Eddie Bauer has a different best parka for men and women. They are both similar in function but very different in style. For men, there is the Men’s Vinson Down Parka and for Women there is the Women’s Superior Esla Down Parka. The women’s line has several Superior Parkas. One other, that is worth a mention, is the Superior Down Stadium Parka. The company rates it as slightly warmer than the Esla. I didn’t choose it because I think the Esla is more attractive and it’s very nearly the same in function.
As with all articles in this series, I want to refer you to a companion article called Why Everyone Needs A Survival Parka and What You Should Look For. This article explains, in detail, what I’m looking for in each design element of a survival parka. I also talk about my experience with cold, parkas, and why all of this is so very important.
I was not able to get any pictures of the parka that are unencumbered by copyright. This is due to there not being a manufacture site for this brand. The store site, linked to at the top of this article has pictures.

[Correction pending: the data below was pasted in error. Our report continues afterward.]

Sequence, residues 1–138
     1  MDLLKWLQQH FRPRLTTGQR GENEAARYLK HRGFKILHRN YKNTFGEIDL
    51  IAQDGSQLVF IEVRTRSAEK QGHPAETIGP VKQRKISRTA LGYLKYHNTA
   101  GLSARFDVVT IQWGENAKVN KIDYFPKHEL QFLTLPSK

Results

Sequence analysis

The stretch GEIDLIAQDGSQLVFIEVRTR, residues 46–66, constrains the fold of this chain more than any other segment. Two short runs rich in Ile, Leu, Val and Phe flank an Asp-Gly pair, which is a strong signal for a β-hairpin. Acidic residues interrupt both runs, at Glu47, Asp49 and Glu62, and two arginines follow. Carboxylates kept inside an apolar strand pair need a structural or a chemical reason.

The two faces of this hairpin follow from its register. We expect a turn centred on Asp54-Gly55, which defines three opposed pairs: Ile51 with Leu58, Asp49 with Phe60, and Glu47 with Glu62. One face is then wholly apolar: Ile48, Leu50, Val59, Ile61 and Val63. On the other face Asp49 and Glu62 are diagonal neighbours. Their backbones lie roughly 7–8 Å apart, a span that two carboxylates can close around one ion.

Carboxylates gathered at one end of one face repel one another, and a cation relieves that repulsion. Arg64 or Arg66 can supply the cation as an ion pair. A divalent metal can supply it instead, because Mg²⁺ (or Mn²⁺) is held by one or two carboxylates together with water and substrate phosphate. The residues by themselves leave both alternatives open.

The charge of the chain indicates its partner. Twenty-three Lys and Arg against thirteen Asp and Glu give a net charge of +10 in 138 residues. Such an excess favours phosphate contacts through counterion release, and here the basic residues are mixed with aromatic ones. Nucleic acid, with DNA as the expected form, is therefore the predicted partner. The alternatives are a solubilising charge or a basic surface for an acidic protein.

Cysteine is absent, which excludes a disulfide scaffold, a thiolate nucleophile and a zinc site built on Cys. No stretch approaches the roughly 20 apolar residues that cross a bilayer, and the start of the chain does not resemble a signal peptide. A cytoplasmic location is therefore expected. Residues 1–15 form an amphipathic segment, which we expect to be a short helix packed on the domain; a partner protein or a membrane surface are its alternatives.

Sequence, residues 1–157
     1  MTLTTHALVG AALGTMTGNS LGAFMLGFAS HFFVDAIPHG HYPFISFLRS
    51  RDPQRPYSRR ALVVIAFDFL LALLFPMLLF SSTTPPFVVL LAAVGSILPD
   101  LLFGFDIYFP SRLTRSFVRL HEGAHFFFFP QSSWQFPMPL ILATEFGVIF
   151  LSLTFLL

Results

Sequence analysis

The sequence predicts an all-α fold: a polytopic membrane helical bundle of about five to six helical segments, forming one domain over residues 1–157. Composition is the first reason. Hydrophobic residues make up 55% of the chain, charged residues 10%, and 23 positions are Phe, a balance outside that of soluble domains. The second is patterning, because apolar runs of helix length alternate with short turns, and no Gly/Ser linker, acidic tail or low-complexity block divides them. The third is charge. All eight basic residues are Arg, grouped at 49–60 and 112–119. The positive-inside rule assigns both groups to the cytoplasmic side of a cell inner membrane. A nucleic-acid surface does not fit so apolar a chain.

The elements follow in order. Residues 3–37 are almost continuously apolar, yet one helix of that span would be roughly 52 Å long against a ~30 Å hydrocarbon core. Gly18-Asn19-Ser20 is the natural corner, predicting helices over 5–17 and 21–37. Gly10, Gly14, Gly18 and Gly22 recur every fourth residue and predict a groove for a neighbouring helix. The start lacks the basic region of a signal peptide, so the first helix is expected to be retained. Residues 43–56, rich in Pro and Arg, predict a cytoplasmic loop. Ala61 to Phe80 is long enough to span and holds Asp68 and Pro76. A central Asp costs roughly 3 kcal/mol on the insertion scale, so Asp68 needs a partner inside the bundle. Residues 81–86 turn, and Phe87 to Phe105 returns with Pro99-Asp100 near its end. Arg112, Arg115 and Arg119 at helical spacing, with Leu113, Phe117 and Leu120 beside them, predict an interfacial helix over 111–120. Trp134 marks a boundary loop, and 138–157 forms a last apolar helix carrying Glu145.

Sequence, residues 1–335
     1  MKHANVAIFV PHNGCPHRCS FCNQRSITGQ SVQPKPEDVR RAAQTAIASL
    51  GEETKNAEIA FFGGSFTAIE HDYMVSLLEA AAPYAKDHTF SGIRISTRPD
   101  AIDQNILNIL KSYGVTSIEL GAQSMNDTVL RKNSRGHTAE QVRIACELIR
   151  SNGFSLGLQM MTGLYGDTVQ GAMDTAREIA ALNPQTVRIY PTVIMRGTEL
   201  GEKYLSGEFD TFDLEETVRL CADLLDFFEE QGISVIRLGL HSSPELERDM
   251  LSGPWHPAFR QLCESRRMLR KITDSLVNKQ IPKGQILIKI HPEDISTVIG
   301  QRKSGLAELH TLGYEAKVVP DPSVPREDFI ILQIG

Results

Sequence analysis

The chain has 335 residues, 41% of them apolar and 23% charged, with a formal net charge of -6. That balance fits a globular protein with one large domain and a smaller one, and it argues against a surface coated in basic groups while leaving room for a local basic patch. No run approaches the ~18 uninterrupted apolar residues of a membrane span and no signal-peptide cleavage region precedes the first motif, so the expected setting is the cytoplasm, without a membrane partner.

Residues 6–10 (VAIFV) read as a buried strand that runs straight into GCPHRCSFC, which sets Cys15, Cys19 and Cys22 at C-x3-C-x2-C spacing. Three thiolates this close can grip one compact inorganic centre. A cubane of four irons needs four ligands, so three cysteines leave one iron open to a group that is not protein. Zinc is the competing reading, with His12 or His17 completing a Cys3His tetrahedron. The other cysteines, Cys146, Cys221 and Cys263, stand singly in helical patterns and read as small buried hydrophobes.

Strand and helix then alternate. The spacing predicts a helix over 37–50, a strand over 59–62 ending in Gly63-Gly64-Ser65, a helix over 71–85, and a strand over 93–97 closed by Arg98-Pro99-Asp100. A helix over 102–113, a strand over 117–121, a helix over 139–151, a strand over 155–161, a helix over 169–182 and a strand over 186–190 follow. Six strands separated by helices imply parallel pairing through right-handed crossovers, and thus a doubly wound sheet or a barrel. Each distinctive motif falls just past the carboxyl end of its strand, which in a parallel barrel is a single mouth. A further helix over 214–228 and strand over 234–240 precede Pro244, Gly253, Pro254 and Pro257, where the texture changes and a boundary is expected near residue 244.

I decided to try out numerical scoring to keep track of which parkas are the best and why. I took the elements that I talked about in the companion article mentioned at the top of this piece and gave a score for each category based on how well the parka achieves top function in each category.
The shell of both parkas are made of of Eddie Bauer proprietary Weatheredge technology. This is one of the Gore-Tex Competitors I talked about in the other article. It is both waterproof and breathable. It’s only waterproof up to a certain number of unidentified hours in the rain but this coat will not be in the rain for hours, so I’m not so concerned about that. If it’s raining for hours, you probably don’t need a coat this warm.
Most importantly for us, it is wind proof. Both parkas earned a 10 here because they achieved the function of the shell that we are looking for in this type of parka.